Migration Success As an Indicator of Migrants' Well-Being

Thursday, 14 July 2016: 16:15
Location: Hörsaal I (Neues Institutsgebäude (NIG))
Oral Presentation
Christoph REINPRECHT, University of Vienna, Austria
Do migration experiences negatively affect the subjectively experienced level of well-being? International research suggests that the relatively low level of well-being among relevant parts of immigrant populations is related to their limited capacity to control one’s life conditions, whereby the limited capacity of control is mostly interpreted as a consequence of a fragile status both in economic, legal, social, and cultural terms. By contrast, kinship and ethnic orientation are often identified as compensatory resources which may positively influence the sense of well-being, even under the condition of poverty and precariousness. These insights are in line with the traditional integration-approach: subjective well-being as a marker for migration andintegration success.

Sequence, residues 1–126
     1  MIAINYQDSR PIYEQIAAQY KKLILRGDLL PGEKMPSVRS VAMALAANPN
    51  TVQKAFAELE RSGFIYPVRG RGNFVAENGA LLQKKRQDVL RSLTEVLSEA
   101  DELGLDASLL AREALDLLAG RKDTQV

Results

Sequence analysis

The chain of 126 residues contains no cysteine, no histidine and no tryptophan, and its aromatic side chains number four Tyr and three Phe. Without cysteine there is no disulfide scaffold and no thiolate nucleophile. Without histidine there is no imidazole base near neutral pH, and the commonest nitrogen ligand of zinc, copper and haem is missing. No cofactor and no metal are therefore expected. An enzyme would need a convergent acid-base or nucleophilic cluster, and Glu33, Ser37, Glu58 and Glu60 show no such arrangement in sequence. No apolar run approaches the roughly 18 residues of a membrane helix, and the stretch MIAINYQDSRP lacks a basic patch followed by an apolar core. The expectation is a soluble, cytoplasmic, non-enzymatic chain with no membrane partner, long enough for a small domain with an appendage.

In my paper I will present a different way to measure well-being in the context of migration, by taking subjective migration success as a key variable. However, contrary to the widely spread practice to operationalize migration success by a summarized evaluation of one’s migration project, my paper underlines the necessity to take into account the initial reasons and objectives of the individual migration project, and their fulfillment within it. It seems to be fruitful to conceptualize migration success in the intersection of (objective) status and (subjective) evaluation both of the migration project in general, and the multiple aspects of goal attainment in particular. Based on quantitative surveys among immigrants from former Yugoslavia and Turkey carried out in Vienna, Austria, the paper confirms the capacity of migrants to produce well-being under conditions of poverty and marginalization; furthermore, data analyses emphasize the particular relevance of specific goals such as future related investments an achieved autonomous life-course as key variables of success. 

These empirical insights strengthen the argument that policies should basically be oriented in increasing migrants’ capacity for individual and group-related self-realization.